FERGUSON,, Virginia Louise Dawson - Roanoke Times

Thursday, September 14, 2017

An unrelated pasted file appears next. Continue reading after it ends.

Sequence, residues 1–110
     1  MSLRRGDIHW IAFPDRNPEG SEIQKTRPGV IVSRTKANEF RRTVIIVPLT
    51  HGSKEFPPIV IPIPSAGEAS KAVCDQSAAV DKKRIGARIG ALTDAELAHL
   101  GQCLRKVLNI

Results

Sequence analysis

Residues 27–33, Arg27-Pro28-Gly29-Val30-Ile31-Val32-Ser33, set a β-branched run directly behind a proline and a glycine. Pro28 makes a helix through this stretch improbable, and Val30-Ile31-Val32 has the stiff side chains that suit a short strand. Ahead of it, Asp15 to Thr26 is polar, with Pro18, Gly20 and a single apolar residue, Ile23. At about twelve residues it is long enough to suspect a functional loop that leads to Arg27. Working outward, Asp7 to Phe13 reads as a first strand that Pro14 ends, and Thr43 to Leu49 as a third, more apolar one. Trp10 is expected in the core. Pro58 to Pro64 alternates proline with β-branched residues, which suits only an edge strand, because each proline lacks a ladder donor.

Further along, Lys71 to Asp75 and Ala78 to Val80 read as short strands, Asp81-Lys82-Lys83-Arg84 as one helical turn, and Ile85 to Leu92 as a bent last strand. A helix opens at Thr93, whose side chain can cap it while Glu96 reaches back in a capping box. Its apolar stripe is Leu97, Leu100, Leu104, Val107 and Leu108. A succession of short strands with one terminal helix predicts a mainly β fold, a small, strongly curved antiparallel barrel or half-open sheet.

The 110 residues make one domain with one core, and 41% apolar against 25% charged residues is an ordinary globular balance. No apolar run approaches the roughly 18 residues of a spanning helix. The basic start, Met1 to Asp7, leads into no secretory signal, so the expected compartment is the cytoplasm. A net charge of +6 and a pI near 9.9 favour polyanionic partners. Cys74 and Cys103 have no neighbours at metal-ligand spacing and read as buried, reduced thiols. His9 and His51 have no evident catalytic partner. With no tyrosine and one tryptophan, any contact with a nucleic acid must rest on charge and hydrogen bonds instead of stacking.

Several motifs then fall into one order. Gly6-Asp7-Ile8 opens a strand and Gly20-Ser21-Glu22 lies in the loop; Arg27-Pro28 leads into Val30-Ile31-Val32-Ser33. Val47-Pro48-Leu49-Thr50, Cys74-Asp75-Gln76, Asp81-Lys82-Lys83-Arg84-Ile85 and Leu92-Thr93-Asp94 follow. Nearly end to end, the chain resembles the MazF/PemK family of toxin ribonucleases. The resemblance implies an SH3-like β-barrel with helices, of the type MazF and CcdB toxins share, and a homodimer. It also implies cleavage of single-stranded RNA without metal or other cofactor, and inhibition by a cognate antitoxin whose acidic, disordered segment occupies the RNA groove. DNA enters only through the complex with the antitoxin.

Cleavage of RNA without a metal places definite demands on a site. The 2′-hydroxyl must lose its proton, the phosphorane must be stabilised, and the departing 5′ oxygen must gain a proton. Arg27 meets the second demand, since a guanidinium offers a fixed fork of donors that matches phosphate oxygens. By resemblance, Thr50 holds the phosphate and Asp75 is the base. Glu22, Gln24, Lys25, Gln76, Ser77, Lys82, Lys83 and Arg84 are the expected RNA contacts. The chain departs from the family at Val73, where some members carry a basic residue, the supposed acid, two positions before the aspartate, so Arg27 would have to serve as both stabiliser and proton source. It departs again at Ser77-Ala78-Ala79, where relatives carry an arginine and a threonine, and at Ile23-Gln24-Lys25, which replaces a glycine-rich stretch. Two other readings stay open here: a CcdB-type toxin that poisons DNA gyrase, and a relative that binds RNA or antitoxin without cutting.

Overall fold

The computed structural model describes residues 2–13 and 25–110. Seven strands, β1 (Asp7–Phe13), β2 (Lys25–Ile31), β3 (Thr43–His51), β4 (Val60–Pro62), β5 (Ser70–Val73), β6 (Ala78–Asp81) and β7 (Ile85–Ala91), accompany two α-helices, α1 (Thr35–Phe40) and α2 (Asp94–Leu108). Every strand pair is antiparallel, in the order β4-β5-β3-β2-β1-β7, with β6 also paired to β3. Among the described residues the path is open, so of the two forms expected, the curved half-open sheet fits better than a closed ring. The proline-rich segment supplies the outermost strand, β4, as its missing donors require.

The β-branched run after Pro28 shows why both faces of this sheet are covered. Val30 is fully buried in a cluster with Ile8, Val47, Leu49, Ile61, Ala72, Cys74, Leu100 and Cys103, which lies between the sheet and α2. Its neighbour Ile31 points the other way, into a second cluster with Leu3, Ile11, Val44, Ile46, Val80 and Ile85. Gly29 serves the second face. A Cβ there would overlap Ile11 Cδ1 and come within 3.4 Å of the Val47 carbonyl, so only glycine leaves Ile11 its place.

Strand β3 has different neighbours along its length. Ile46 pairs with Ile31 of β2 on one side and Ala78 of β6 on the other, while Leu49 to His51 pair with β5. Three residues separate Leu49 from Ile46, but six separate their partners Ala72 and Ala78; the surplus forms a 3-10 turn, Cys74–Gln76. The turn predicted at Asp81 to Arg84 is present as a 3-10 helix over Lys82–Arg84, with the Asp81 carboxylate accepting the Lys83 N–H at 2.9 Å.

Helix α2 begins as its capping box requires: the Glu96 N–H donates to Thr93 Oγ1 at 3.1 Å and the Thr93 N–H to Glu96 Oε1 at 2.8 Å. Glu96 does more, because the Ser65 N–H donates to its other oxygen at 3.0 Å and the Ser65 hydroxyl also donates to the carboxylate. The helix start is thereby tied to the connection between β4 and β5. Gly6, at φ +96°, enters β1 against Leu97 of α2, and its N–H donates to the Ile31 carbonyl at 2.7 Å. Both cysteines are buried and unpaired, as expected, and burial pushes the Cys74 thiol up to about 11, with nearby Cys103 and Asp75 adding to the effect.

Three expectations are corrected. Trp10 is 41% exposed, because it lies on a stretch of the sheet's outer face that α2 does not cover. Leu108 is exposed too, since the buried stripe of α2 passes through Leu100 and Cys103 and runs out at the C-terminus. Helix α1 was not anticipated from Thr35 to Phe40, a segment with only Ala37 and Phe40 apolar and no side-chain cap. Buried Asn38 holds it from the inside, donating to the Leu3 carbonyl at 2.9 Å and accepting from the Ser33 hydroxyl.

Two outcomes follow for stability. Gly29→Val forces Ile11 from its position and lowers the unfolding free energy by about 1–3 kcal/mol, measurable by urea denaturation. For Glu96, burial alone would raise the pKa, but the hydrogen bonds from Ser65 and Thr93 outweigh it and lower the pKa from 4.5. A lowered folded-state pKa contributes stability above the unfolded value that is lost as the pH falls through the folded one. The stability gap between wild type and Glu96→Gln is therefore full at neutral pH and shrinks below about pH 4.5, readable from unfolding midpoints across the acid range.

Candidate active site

Potts Creek and summer vacations with their dear friends Byron and Nancy Yost and their twin girls at Ocean Isle Beach, N.C. As they entered into the golden years, they were able to travel extensively. They crossed Canada in their private railroad compartment enjoying the beautiful Rockies and Victoria, BC. They toured Nova Scotia and Cape Breton with the Yosts (again). They spent a week in a 200-year-old stone cottage with a thatched roof in Normandy. They enjoyed a week in Versailles. Scotland and Ireland were visited. As much as they enjoyed international travel, they especially enjoyed visiting various areas of their home country. They left their hearts in San Francisco, were awed by the Grand Canyon, traveled the Mississippi by paddle wheeled steam boat, explored Cajun country, ate lobster in Maine, and fell in love with Texas and it's Long Horn Cattle, barbeque and friendly folks (Boy Howdy). Jenny Lou graduated from Cornet School of Business and became an Executive Secretary to Don Rowe, Sr. and Don Rowe, Jr. CEOs of Rowe Furniture Manufacturers. She moved to the Norfolk and Western Railway Company where she was personal secretary to David A. Cox, Director of Real Estate, and Industrial Development. After the N & W merger with Southern Railroad, Jenny Lou returned to school at National Business College where she earned an Associate Degree in Court Reporting and was a self-employed Court Reporter. She was top-notch stenographer with a mastery of short hand. She could make a typewriter smoke and was a whiz with the Court Reporter shorthand machine. She was a perfectionist and master of grammar. She had the most beautiful handwriting ever. People looked forward to receiving her beautifully addressed Christmas cards. Jenny Lou loved Budweiser and Hank Williams taken together. After deciding she had enjoyed enough beer for a lifetime, she discovered Delbert McClinton, Jimmy Fortune, Linda and Robin Williams and The Irish Tenors. A voracious reader, a trait learned from her mother who was the Town of Salem Librarian, she took her time reading and rereading passages in a book savoring every word. Left heartbroken by her passing are her husband, Warren; children, Scottie (Bill), and Jeb (Rori) and Sister Betsy who she loved so very much. She is also survived by her granddaughter, Katie and great granddaughters, Scarlett and Kennedy. Other survivors are her sister, Becky, and "favorite cousins" Mary Page Stinnett and John Kyle Shewey, along with a number of other relatives. Left to share in the loss are her dear lifelong, faithful friends, Mary Louise Scarborough...